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Darwin Correspondence Project

To Emma Darwin   [24 June 1846]1



My dearest old Soul

I was exceedingly glad to get your letter, with so wonderfully good an account of your voyage & of the dear little souls happiness;2 I am glad you took them. Do you not think you had better come back by land? & had you better not stay more than a fortnight, I propose it to you in bonâ fide & wish you to do so, though I do long to have mine own wife back again. Yesterday was gloomy & stormy; I was sick in middle of day, but two pills of opium righted me surprisingly afterwards: however I was extremely glad that Sulivan did not make his appearance.3 The house is getting on well,4 though Lewis5 had a quarrel & turned off all his carpenters: Lucy6 was very goodnatured & took keen interest about one man, whose wife has come from a distance with a Baby & is taken very ill— The poor man was crying with misery, but we have persuaded Lewis to take him back again.

At last the flower garden is looking gay.—

I have been getting on very badly with my work as it has been extremely difficult & I have had so many letters to write.—

Etty7 was very charming, though I did not see much of her yesterday; she is very affectionate to her dolls, but at last got tired of them, & declared with great emphasis, that “she would have a real live Baby” & “Mamma shall buy one for me”— I asked to send a message to you, “say A. B. S, say, big woman in little letter”

Give my very best love to all at Penailly I enclose A. Sarah’s8 letter; I have strongly recommended to bring Henry, but can not repeat all reasons: I have spoken doubtfully about Horse & Phaeton.9

Goodbye, my own old dearest. Kiss the children for me. Etty often talks about them. | Your affect. | C. D.


The date is based on Emma’s notation ‘I at Tenby’ and the notation on letter to Emma Darwin, [25 June 1846], ‘June 1846 to me at Tenby’. The date also accords with the end of Bartholomew James Sulivan’s voyage on 19 June 1846.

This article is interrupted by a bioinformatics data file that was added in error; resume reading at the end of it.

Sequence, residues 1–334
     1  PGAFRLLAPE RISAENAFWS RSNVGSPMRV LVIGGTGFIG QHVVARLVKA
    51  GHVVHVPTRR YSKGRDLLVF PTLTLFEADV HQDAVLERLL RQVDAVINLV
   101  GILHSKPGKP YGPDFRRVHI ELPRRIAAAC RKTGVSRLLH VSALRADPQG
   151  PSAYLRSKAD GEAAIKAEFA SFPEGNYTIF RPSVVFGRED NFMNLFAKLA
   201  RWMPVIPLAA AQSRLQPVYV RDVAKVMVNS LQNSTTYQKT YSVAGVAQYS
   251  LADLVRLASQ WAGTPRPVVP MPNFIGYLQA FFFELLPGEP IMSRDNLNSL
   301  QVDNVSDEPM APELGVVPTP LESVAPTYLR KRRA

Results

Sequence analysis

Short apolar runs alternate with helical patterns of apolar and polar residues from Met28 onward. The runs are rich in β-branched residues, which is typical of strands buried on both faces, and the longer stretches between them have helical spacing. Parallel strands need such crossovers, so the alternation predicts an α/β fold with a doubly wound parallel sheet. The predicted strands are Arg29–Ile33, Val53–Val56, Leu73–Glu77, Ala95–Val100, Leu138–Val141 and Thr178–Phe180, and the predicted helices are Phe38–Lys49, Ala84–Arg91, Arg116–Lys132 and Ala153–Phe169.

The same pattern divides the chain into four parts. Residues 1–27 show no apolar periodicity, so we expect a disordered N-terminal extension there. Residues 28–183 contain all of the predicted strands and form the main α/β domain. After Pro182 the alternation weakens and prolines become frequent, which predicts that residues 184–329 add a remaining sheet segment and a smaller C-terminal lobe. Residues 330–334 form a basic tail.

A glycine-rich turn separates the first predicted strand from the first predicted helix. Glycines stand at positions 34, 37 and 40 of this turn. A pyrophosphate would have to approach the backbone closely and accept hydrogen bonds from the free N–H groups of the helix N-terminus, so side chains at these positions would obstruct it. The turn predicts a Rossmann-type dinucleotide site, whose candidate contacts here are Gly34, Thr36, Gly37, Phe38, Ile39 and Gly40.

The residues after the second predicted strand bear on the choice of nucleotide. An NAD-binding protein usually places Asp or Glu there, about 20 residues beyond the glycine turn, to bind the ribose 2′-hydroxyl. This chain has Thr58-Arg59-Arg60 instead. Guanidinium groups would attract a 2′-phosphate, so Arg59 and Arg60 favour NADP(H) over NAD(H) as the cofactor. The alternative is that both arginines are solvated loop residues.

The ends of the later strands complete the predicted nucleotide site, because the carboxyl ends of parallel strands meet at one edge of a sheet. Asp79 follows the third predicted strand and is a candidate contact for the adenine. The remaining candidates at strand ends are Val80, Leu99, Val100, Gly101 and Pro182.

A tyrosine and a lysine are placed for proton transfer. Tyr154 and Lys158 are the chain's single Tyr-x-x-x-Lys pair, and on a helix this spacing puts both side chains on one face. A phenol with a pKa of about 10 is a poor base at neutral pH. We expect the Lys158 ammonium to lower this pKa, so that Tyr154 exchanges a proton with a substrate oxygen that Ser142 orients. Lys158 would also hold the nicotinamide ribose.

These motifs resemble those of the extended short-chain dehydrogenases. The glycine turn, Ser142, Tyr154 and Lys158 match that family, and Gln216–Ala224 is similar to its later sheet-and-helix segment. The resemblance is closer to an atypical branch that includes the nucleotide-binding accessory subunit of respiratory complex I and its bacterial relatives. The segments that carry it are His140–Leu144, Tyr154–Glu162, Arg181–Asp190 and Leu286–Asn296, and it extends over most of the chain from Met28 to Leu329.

Emma took William and Anne Darwin to Tenby, a seaside resort and fishing village in Wales. Several of Emma’s aunts lived there: Emma and Fanny Allen, Jessie Sismondi, and Harriet Surtees. Emma and the children stayed for eighteen days, returning home by 7 July. See CD’s Account Book (Down House MS) 7 July 1846 and letter to Emma Darwin, [25 June 1846].
Sulivan had just returned from South America. Possibly CD had invited Sulivan to come to Down before meeting him in London on 29 June. See letter to Richard Owen, 21 [June 1846].
According to CD’s Account Book (Down House MS) payments of £150 and £199 for alterations were made to ‘Mr Laslett’ on 13 June and 27 August 1846. Isaac Laslett was the bricklayer in Down.
Presumably a servant at Down House.
Henrietta Emma, who was almost three years old.
Sarah Elizabeth (Sarah) Wedgwood, CD and Emma’s aunt.
Probably a reference to Sarah Wedgwood’s plans to move to Down in 1847. Here she lived the life of a recluse and, according to Henrietta Litchfield, ‘her horse and phaeton seemed to be kept entirely for our service’ (Emma Darwin 2: 105). Henry Hemmings was one of Sarah Wedgwood’s servants (Emma Darwin 2: 106).


News of progress in remodelling. He and Etty [Henrietta] miss the rest of the family.

Was sick, but "two pills of opium righted me".

Letter details

Letter no.
Charles Robert Darwin
Emma Darwin
Sent from
Source of text
DAR 210.8: 24
Physical description

Please cite as

Darwin Correspondence Project, “Letter no. 982,” accessed on 25 May 2018,

Also published in The Correspondence of Charles Darwin, vol. 3